Remote team setup part 2: Keeping your remote team connected

by Julie Rutherford

Keeping your employees connected is a key part of remote team setup. Since you won’t see each other every day, you can set up regular team check-ins to stay on the same page and monitor progress. On top of the many individual conversations that will need to occur over phone, video or email, consider scheduling at least one video conference a week for small departments (10-15 people).

Larger departments may need to break up into smaller project or specialization-based groups for weekly calls. Try to have everyone on video if possible so that you get important face time but be sure to have a dial in as backup. As you can imagine, tech issues often come up so be prepared to do your meeting over the phone and distribute important docs beforehand.

As with your in-person meetings, an agenda can keep the meeting tight (no longer than one hour). Table topics that take you off track for a later discussion. You may also need to make sure that all employees have a voice in a remote work set up. More introverted employees may be even less likely to weigh in, either in meetings or email, so you’ll need to make sure to do a round robin approach in meetings and elicit everyone’s feedback and make sure all employees who contribute in email discussions are heard.

To help team members stay connected on a daily basis, encourage them to pick up the phone or video conference vs. simply relying on email. It’s important for communication, staying connected AND productivity. How much time have you wasted on email trails that go back and forth 8 times and still don’t resolve the issue at hand?!?!? Or have you misinterpreted someone’s email tone as more aggressive than it was meant to be?

And if you aren’t officially quarantined, maybe you can schedule a group outing to a local coffee shop or even lunch once a month for those willing to venture out. The face time is well worth the effort and expense and goes a long way to keeping up team morale and cohesion.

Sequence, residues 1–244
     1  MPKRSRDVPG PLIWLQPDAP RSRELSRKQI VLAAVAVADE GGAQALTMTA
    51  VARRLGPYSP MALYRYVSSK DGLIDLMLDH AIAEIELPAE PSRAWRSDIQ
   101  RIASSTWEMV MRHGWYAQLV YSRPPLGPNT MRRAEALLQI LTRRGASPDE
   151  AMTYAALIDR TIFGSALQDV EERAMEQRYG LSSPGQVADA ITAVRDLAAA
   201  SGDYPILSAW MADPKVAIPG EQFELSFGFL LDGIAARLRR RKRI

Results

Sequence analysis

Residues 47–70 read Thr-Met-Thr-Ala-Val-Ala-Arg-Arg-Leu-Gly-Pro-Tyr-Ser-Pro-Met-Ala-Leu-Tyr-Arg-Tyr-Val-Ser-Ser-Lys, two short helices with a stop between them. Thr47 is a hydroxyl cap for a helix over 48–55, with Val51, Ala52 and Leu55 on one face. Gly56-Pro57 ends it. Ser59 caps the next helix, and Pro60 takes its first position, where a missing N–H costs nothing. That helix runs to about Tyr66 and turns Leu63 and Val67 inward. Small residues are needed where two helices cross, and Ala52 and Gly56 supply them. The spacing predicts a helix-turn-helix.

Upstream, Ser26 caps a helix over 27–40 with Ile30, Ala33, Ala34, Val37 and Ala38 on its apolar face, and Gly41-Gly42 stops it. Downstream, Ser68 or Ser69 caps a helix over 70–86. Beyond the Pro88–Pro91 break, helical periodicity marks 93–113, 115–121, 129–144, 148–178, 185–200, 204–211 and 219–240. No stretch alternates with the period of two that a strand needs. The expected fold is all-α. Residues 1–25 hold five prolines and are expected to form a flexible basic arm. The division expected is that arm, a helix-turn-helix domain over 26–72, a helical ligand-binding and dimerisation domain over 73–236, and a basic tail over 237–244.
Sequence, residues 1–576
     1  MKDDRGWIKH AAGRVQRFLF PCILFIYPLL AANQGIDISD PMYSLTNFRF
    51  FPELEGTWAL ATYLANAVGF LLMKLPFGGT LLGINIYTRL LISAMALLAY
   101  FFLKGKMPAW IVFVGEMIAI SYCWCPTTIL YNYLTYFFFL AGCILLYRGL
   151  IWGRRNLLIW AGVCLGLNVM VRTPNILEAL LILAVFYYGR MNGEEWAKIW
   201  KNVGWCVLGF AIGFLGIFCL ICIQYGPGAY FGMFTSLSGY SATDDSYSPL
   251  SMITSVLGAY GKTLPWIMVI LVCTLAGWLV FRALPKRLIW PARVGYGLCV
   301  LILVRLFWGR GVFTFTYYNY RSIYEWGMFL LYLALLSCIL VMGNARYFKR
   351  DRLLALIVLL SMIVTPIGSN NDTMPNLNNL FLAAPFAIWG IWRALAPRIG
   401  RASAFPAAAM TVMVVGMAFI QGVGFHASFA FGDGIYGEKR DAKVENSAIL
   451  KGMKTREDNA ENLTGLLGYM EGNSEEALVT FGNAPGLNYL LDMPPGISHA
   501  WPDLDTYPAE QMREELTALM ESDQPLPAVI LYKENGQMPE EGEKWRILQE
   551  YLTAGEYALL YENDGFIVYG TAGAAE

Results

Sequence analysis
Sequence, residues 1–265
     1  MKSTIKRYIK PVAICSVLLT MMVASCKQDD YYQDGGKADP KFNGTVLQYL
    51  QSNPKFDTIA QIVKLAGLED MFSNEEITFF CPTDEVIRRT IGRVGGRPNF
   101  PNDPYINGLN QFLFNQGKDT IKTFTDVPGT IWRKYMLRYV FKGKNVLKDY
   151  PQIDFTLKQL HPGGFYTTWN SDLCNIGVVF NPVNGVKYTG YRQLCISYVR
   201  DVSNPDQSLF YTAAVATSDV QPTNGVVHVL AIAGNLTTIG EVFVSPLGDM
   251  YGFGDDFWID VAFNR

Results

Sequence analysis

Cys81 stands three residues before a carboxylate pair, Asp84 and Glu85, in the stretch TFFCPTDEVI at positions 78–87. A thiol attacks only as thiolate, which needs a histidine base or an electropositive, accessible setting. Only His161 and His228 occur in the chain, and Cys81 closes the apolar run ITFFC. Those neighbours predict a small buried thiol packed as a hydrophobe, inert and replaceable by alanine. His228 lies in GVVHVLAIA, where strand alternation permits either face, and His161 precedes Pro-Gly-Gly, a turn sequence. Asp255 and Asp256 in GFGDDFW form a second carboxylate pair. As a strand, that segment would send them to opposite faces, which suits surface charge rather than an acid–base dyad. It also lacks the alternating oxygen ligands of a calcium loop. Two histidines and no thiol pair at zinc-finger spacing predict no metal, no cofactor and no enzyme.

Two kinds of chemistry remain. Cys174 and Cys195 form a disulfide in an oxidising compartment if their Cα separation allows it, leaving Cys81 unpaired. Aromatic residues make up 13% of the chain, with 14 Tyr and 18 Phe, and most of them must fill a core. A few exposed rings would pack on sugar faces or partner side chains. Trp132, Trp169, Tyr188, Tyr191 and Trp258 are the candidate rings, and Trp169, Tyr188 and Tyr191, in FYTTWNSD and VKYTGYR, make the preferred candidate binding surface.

If you are quarantined or if it’s simply too complicated to get together in person, you could try a virtual coffee hour, online team games or even a photography contest!  There are many interesting and fun remote team building activities out there to try. Here are some suggestions from a remote company that does a lot of unique online team building to help you get started.

Just like your team, it’s helpful to set up a weekly meeting with each of your direct reports and check in periodically throughout the week either over email, phone or video. If you already have a weekly one-on-one, try to keep the same format going. This provides great continuity for you both and ensures that you continue to maintain rapport.

Connection and communication are key to remote work success. We hope these tips have sparked some useful ideas to help you on your way.

Read part 3 of our series on remote team setup “The Role of Trust.”

Posted in Remote WorkWorkplace culture